El Cerrito: L & L Chinese Seafood Restaurant - Dim Sum, congee and sliced pumpkin in plum sauce
The sturgeon fillet congee was very good. The congee was the right consistancy, richly flavored and nicley topped with a sprinkle of fresh cilantro and green onion. The delicate slices of sturgeion were very fresh and generous. A small dish of salted peanuts came with the congee.
Dim sum is served daily until 3pm. However if you ask they will make some items such as dumplings after hours.
The service is very nice but they have only been open two days and there were still a few very minor things to work out.
L & L takes over China House which was formerly Golden Dynasty. I never made it to either but I have to guess that other than the new good luck plants not much has changed decor-wise. There were two tanks of live fish.
The chef's sister oversees the servers, all woman. There's a sort of comfortable, relaxed homey atmosphere. She said her brother got his certification in China and worked at a restaurant there before coming to the US and workng at verious Bay Area restaurants for quite a few years. I'll leave it to Chowhounds to get the details.
She is very welcoming to people who are not Chinese. She spent a bit of time chatting with me and another woman discussing dishes on the menu. I said once crab season started I'd probably be back for the Dungeness crab with pumpkin sauce. She mentioned that crab could be prepared in other ways that weren't on the menu. She liked it done simply.
Per my recent lack of luck with pumpkin dishes ... they didn't have pumpkin yet.
I'll put a few of the other dishes in the first reply.
L & L Chinese Seafood Restaurant
10140 San Pablo Ave, El Cerrito, CA 94530
Here's a few items from the menu
There is a menu of 54 dim sum dishes plus two more handwritten in Chinese. Prices run from $2.20 - $4.50 with most in the two dollar range.
The usuals are there plus
- Rice sheet rolls (plain, beef, bbq pork, shrimp or with donut)
- Lobster with cheese turnover
- Zhong shan shrimp dumpling
- Spiced jelly fish
- Sugar cane pudding banh bo
- Seasonal fruit pudding
- Malasian cake
- Chow zhou dumpling
Given my lack of in-depth dim sum knowledge, some of these are probably on other menus.
The regular menu has a lot of dishes with fish heads and
- Scented bean curd (a polite name for stinky tofu?)
- Diced roasted duck lettuce wraps
- French style beef fillet
- Beef stew with clear broth
- Clams with wine clay pot
- L & L chef's imperial chicken
- Steamed cherry stone clams with vermicellin and minced garlic
- Bay Fung Tong style stir fried crab (seasonal)
- Stir fried crab with salted egg yolk (seasonal)
- Fish fillet with Thai style sauce
- Thai style chicken feet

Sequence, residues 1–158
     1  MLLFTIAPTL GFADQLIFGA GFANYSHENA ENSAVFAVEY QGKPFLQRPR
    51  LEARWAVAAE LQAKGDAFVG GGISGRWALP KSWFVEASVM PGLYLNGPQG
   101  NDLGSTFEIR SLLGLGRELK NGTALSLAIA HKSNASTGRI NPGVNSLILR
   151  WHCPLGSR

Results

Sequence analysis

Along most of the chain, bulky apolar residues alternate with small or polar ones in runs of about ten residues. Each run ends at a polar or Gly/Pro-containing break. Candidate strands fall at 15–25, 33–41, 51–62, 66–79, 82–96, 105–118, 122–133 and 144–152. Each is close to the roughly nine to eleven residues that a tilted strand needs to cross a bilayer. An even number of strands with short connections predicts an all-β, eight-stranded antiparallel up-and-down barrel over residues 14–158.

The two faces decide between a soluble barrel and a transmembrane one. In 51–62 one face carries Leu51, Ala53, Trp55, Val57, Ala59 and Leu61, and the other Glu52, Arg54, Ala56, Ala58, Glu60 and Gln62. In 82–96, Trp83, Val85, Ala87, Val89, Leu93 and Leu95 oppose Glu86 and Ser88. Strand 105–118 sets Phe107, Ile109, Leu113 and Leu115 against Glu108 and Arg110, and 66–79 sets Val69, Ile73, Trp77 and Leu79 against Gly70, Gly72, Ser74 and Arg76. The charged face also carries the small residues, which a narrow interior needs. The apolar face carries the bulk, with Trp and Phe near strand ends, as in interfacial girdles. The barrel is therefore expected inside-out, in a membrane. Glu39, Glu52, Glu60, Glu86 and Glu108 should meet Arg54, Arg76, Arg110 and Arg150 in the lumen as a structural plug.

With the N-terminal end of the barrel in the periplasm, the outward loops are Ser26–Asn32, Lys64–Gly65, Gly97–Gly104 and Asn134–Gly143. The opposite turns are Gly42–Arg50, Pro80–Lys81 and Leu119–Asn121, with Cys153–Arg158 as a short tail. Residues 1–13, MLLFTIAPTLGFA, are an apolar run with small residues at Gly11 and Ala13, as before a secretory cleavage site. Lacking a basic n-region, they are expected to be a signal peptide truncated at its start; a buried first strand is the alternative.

- Beef shortribs with Korean style sauce
- Beef chow fun with satay sauce
- Malaysian style chow fun
- Stir fried frog with salty egg yolk
- Honey walnut prawns with mango sauce
- Ox Tail with red wine
- Lamb stew and bean curd clay pot
- Smoked seabass
- Hung Tao Yee won ton
There's even a low fat section that includes
- Mixed mushrooms clay pot
- Mustard greens with imperial ham soup
The $5.75 lunch specials (11 am - 3 pm) are served with house soup and a choice of steamed rice, fried rice or chow mein). They are the usual Chinese lunch items but there is scrambled egg and bbq pork.
I went in for an early 5:30 dinner last night with two starving, grumpy teens. We ordered their favorites; WestLake Soup not overly vinagery, beef chow fun dry with only a sprinkling of bean sprouts, stirfry beef with broccoli definitely a light touch, nice presentation with veggies still crunchy and half a roast duck generous portion not fatty, but a lean, "skinny" duck. The beef in both dishes was tender, but could be more flavorful. They ran out of Chinese broccoli so be sure to ask. Overall, the food was light and the veggies were crunchy. The bill came to $34. and they are giving an introductory 10% off. I didn't have time to ask if this discount was for all meals. We'll be back to try the dim sum lunch. Waitress said the owners previously had a restaurant in Oakland Chinatown. L & L has promise for solid Cantonese fare in El Cerrito.
L & L Chinese Seafood Restaurant
10140 San Pablo Ave, El Cerrito, CA 94530
Dim sum for lunch today was as good as I've found anywhere, comparable to East Ocean in Alameda. Salt and pepper squid was light and not greasy, the shrimps wrapped in rice noodles were huge and slightly smoky, and taro balls were creamy and moist. Kind of chilly inside; bring a sweater.